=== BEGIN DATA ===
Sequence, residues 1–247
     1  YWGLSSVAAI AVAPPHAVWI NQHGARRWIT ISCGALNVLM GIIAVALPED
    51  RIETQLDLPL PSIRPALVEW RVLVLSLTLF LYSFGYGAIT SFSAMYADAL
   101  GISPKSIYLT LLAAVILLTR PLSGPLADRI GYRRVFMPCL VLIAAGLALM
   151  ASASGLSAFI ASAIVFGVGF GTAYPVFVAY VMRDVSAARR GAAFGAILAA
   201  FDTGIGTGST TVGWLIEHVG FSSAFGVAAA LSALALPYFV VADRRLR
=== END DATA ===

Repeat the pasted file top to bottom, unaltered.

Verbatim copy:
Sequence, residues 1–247
     1  YWGLSSVAAI AVAPPHAVWI NQHGARRWIT ISCGALNVLM GIIAVALPED
    51  RIETQLDLPL PSIRPALVEW RVLVLSLTLF LYSFGYGAIT SFSAMYADAL
   101  GISPKSIYLT LLAAVILLTR PLSGPLADRI GYRRVFMPCL VLIAAGLALM
   151  ASASGLSAFI ASAIVFGVGF GTAYPVFVAY VMRDVSAARR GAAFGAILAA
   201  FDTGIGTGST TVGWLIEHVG FSSAFGVAAA LSALALPYFV VADRRLR